Resonating Spaces

Prepare thyself for…


There have been musical performances at MOA in the past, which I have always found to be quite delightful. It’s marvelous to experience the visual aesthetics of the museum mixed with the acoustic pleasure of music. However, during regular hours, and aside from the grey hum of visitors and the occasional audio component of an exhibit, MOA is silent. When I heard about the Resonating Spaces project, I began to ask myself, “if I was to put MOA into music-form, what would it be?” Classical? Classic Rock? Contemporary Pop? Lacking any musical talent myself, I had a difficult time coming up with an answer.

Try asking yourself this: what would your favourite movie be like without the musical score? What if you removed the car radio while embarking on an epic road trip? Would the food at your favourite restaurant taste different if they turned off the back ground music?

Again, if only I had one iota of musical (and apparently psychological) knowledge to answer these questions, I could add something to the discussion. Instead, MOA will bring seven final-year composers from the University of Melbourne to the museum to become inspired, and to create seven new compositions which will resonate throughout MOA on October 14th and 15th.


The Koerner Ceramics Gallery at MOA has Vivaldi—an 18th century Italian composer—playing around the clock and is the only gallery to do so. I am fascinated to hear what these seven young composers will put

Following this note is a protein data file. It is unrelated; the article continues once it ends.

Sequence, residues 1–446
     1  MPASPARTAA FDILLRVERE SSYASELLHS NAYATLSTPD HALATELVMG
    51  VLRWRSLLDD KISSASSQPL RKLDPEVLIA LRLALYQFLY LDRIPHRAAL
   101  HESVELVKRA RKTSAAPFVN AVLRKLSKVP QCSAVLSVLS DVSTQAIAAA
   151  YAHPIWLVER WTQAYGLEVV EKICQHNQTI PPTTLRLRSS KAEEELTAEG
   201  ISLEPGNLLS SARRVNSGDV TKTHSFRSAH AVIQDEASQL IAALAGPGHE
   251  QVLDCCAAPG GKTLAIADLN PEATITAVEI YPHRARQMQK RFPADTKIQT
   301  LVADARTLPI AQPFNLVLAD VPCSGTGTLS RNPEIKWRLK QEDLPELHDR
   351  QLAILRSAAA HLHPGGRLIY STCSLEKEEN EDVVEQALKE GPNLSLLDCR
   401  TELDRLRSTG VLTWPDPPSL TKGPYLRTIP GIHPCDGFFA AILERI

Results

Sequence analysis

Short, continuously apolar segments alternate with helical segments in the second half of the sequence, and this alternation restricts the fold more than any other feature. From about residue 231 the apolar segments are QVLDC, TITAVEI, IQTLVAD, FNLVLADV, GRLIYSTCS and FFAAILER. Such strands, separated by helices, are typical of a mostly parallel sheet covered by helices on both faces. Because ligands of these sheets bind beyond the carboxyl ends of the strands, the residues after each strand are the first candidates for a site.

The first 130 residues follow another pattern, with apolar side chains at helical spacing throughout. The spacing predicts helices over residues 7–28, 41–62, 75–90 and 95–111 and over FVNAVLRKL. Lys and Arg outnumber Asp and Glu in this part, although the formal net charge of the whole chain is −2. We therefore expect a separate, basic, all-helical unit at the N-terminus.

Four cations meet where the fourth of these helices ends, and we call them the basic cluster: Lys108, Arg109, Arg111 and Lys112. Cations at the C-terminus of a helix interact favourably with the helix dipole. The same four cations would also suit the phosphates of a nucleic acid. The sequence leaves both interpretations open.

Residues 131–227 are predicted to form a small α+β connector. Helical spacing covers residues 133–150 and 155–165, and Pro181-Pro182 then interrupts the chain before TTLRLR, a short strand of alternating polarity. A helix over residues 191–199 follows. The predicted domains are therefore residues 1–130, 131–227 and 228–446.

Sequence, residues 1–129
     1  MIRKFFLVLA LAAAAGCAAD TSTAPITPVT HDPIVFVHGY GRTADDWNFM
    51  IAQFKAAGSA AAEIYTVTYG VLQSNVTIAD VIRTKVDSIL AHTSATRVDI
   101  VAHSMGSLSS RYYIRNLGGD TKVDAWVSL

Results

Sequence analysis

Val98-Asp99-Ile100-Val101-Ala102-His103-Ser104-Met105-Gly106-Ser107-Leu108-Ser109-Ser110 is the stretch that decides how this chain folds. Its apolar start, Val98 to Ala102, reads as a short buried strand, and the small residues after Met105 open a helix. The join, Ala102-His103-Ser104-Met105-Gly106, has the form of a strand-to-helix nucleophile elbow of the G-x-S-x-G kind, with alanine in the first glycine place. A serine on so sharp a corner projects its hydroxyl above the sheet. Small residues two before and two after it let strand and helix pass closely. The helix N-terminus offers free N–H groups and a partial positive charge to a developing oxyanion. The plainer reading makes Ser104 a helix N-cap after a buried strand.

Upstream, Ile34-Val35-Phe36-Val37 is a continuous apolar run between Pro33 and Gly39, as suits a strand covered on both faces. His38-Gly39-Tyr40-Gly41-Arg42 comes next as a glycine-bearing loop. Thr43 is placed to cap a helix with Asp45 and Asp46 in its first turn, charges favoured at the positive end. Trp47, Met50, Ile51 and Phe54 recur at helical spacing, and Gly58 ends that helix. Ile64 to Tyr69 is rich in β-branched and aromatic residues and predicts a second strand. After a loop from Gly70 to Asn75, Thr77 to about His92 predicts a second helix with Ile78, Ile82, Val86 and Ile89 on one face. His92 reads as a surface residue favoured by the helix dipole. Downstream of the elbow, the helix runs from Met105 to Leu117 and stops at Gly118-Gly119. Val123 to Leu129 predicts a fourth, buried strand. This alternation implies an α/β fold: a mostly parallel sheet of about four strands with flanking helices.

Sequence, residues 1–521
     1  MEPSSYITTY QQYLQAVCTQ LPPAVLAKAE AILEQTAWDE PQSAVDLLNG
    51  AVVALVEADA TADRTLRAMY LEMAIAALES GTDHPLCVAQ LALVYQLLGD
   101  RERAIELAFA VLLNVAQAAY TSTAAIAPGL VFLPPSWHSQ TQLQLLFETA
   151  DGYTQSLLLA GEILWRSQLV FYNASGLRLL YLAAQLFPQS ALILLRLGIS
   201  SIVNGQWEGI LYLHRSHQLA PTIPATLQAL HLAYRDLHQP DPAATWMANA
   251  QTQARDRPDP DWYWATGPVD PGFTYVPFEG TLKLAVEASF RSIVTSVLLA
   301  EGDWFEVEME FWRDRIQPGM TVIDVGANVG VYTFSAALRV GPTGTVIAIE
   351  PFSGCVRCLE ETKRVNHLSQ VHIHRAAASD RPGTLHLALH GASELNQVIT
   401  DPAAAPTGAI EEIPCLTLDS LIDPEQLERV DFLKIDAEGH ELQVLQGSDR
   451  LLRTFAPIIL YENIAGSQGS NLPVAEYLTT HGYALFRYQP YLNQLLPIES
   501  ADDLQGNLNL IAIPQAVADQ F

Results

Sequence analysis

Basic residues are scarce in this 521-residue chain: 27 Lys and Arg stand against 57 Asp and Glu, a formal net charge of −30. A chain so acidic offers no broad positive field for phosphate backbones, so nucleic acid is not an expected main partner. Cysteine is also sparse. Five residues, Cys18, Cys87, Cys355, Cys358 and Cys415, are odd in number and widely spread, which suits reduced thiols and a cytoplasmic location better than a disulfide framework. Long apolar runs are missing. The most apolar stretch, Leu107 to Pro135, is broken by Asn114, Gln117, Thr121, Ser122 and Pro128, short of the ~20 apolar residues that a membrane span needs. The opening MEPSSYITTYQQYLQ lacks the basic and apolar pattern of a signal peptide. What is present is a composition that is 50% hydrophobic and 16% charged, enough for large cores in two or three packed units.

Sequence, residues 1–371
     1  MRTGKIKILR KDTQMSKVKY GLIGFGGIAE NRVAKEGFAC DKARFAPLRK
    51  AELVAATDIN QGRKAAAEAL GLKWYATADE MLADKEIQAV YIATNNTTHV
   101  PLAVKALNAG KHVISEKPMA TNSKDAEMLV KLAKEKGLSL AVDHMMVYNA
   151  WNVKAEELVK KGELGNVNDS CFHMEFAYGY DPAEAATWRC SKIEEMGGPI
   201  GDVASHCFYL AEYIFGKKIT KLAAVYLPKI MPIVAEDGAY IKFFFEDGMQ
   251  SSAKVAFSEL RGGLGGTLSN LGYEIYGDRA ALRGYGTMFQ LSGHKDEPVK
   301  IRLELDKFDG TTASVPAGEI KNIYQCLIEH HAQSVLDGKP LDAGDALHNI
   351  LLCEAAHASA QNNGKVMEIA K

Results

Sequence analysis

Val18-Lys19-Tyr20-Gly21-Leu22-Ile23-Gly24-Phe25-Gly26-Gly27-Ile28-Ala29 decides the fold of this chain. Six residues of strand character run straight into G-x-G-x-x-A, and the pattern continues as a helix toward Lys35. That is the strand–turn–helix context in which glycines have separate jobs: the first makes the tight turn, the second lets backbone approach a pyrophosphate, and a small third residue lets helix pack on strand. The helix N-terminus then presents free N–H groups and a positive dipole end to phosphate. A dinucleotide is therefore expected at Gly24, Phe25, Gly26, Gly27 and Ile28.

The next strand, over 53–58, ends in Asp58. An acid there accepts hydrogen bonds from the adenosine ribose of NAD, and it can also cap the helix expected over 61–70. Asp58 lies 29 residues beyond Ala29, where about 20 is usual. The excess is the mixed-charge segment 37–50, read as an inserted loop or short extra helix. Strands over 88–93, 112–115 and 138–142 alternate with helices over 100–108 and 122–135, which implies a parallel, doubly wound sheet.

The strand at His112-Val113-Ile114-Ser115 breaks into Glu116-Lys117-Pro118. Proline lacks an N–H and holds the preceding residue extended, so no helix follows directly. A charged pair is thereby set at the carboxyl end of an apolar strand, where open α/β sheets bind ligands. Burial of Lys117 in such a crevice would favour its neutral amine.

together for the rest of the museum, which includes extensive collections of Northwest Coast objects, but also the Multiversity Galleries, which house more than 10 000 objects from around the world. Not to mention the two temporary exhibits, A Green Dress: Objects, Memory and the Museum; and hiroshima (opening October 13).

I am hoping for a chance to interview at least some of the composers, and perhaps Associate Professor Mark Pollard, head of the VCA School of Contemporary Music, who will be accompanying the students. If you’re interested in their bios, you can find them on the MOA website (  For more information on Professor Pollard, click here:

2 thoughts on “Resonating Spaces

  1. Thanks to YOU, Peter, and to Mark and your fellow composers. You filled our spaces with amazing sound – as well as great energy. Here’s hoping you’ll be back someday… Best, Jennifer and MOA staff, students, and volunteers.

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